“Why, are you on commission or something?” said Bardin.

“We might as well have a look round now we’re here”, said Rumble “Anyway, the traffic’s so slow we’ve got to sit here until we get spewed out at the other end”.

He was right. The narrow one-way streets were clogged with other tourist carriages, rickshaws, horse-drawn dray-carts and other delivery vehicles. It was as if they were all on a slow-moving conveyor-belt. Bardin noticed a lurid photograph outside one theatre showing a naked male butt rogering another one. Emblazoned across the top was the words “SEE WHAT ONE ACTOR HAD TO DO TO GET A PART IN A T.V SHOW!”

“That could’ve been you if I hadn’t kept an eye on you”, said Bardin, nudging Bengo.

“You more like”, said Bengo “You were the one who kept on at one point about breaking into television”.

“No I didn’t”, said Bardin “Television would have been beneath us”.

Rumble and Farnol were laughing themselves silly on the opposite seat.

“Ah shaddup”, said Bardin.

Finding themselves stuck in what seemed to be the slowest traffic-jam in history, they abandoned the carriage, paid off the driver, and went into a nearby cinema, mainly in order to escape from the intense glare of the noon-day sun. This flea-pit specialised in showing low-budget sex and horror shlockers. At the moment the current film was showing to a tiny but near-empty auditorium. The Indigo-ites seemed to fill it by their presence alone.

The big screen was showing a man and a woman having a bath together. The woman was fondling the man which had him groaning in ecstasy, with his head thrown back and his eyes closed. He was so absorbed in this that he didn’t notice the woman lean over the side of the bath and pull out a carving-knife from under the rug.

“Oh no!” said Bengo, who had a queasy presentiment as to what she was going to do with it.

“Pay attention, you wanker!” Rumble hollered at the man on the screen, who was still blissfully unaware of his impending doom.

The mutilation took about half-a-minute to carry out, but to those watching it felt more like five hours. When she had completed her home-made castration, the woman got out of the bath and tossed the bloodstained knife casually into the wash-basin.

“Look what she’s done to me!” the man screamed.

“Oh for fuck’s sake don’t show us!” Farnol pleaded.

In vain as it turned out. The man got out of the bath in a welter of blood and mutilated flesh.

“Whose fucking brilliant idea was it to go in there?” Tamaz squawked, as they left the cinema in rather shocked state.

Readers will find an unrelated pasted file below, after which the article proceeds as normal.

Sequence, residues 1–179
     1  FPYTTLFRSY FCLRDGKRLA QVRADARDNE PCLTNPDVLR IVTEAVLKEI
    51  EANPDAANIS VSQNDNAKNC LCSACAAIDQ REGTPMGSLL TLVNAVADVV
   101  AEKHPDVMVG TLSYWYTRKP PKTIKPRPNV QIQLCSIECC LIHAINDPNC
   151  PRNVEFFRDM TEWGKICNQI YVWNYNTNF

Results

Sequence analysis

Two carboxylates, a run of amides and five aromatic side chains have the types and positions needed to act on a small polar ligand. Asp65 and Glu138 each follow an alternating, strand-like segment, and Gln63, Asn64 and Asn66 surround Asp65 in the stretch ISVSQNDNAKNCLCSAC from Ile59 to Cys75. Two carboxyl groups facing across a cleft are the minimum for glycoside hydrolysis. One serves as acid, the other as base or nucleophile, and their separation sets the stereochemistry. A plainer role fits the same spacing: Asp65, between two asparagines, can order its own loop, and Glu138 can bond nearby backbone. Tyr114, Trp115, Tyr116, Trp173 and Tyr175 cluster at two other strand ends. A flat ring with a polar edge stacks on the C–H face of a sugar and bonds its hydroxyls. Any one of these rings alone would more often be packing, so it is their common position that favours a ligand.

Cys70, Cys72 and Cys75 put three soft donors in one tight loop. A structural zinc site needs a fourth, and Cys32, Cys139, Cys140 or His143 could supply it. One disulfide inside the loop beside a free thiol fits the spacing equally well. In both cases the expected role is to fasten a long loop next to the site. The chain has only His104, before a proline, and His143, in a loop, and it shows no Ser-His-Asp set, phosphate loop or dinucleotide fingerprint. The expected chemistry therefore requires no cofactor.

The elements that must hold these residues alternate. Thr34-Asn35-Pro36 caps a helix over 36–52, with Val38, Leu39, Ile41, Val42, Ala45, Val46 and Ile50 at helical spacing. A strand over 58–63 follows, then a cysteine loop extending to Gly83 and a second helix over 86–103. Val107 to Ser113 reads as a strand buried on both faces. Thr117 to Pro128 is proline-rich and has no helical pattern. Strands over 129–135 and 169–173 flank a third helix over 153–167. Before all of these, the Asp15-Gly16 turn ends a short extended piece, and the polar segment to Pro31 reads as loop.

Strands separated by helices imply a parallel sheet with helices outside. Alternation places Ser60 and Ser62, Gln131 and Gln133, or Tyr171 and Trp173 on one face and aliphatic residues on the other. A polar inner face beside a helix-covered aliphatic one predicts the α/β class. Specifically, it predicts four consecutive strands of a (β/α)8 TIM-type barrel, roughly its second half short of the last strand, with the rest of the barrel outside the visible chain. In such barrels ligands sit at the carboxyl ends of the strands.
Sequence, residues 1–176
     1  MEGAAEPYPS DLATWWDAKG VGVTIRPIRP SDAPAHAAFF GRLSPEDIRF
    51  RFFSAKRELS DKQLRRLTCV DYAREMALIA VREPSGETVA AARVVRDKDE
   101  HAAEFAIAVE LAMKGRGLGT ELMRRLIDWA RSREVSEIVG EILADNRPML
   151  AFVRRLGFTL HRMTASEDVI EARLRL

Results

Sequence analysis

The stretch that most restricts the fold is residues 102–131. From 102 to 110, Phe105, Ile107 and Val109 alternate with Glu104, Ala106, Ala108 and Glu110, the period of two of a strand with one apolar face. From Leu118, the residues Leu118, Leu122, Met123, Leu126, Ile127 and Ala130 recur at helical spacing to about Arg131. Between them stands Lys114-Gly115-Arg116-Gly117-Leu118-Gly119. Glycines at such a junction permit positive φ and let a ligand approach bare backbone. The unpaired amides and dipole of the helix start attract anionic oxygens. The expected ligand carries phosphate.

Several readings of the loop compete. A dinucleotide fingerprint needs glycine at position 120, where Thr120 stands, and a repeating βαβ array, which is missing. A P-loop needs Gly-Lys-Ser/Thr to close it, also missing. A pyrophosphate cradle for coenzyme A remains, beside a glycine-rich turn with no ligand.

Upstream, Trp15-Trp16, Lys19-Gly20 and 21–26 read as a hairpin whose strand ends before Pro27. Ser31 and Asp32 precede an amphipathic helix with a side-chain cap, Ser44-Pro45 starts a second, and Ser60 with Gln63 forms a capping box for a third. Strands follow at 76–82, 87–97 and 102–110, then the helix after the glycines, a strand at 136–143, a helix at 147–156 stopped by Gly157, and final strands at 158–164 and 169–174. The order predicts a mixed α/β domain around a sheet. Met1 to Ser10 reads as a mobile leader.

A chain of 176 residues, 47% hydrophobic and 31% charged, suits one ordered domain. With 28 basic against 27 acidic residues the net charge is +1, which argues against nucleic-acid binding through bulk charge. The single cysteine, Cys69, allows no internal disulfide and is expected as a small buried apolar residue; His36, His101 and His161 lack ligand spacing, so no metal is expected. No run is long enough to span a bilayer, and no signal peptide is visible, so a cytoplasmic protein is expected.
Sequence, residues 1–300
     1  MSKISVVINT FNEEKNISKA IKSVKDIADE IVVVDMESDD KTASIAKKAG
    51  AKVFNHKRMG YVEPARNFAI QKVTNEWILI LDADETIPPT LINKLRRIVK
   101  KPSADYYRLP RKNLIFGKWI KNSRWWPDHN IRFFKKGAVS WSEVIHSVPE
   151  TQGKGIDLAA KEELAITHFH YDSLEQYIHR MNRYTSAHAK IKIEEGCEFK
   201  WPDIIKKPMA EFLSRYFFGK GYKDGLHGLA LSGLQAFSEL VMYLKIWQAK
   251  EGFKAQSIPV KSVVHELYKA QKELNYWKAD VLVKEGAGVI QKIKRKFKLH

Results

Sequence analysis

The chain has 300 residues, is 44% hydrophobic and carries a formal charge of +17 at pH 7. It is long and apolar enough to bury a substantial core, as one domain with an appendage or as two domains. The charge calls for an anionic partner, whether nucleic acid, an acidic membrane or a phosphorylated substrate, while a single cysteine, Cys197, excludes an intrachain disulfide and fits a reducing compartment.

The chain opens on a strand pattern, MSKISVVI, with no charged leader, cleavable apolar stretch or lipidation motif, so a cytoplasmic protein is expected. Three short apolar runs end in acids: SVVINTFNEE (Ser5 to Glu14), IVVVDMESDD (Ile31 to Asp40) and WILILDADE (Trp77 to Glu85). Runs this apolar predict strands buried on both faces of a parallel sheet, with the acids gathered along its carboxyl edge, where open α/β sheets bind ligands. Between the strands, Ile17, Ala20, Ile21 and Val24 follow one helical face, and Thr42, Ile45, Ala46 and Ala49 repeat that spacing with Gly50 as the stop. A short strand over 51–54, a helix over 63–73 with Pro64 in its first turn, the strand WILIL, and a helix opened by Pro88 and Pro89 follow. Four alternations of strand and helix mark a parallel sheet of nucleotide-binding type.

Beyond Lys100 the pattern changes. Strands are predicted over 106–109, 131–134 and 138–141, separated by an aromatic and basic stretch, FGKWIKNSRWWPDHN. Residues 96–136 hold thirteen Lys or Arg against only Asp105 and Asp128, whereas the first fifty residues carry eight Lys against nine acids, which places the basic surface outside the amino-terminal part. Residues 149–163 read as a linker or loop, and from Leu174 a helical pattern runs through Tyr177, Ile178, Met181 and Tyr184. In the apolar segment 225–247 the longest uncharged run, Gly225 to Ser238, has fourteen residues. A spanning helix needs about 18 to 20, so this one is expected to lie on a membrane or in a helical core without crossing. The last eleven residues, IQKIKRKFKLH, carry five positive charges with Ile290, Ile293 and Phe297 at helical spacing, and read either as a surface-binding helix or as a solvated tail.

They found their carriage and driver still in the same spot where they had left them.

“Haven’t you moved at all?” said Bardin.

“You’ve only been gone a few minutes”, he replied.

“Really?” said Bardin “It feels more like I’ve aged about thirty years!”

“Didn’t you like the film then?” said the driver.

“Watching blokes having their dicks cut off isn’t my idea of a good time!” said Bardin, as they all clambered back into the vehicle.

“I sometimes think it would be the ultimate sexual thrill”, said the driver.

“It wouldn’t be one you could repeat too often would it!” Farnol brayed.

“Don’t encourage him, he’s obviously a right weirdo”, said Bardin.

“I’m hungry”, said Tamaz, and then sulked when Bardin glared at him. Tamaz thumped Bengo on the arm.

“What?” said Bengo.

“It’s your role to keep Bardin in good temper”, said Tamaz “You’re falling down on your job”.

“I can’t do anything with Bardy when he’s being a cross-patch”, said Bengo.

“I’ve got a splitting headache”, Bardin snapped “I don’t want any of you to talk for a few minutes at least!”

“O.K”, said Rumble, sitting opposite him “But the street noises might be a bit tricky to switch off, mate!”

“Hey it’s Bengo, Bengo the clown!” a woman shouted from a window overhead. A host of other faces crowded at neighbouring windows.

“Bardy, wave”, Bengo hissed at his partner “They’ve recognised us”.

“It’s you they’ve recognised”, said Bardin.

“Don’t be so fucking boring”, Rumble leant across and tore off Bardin’s cap so that he could be fully seen “Give ‘em what they want. It’s not as if they see you too often”.

“Wave, Bardy”, said Bengo “Be more professional”.

Bardin glared at him but waved.

“Oh aren’t they sweet!” one of the overhead whores cooed down.

“See, she means both of us”, said Bengo “Let’s kiss, that’ll really get ‘em going”.

“They’ll be wanting us to do an erotic floorshow next”, Bardin grumbled.

“Well you’re in the right place”, said Rumble.

Bengo planted a kiss on Bardin’s lips and an appreciative cheer went up all around, particularly from a young male tart wearing only white underpants, who jumped up and down on the pavement.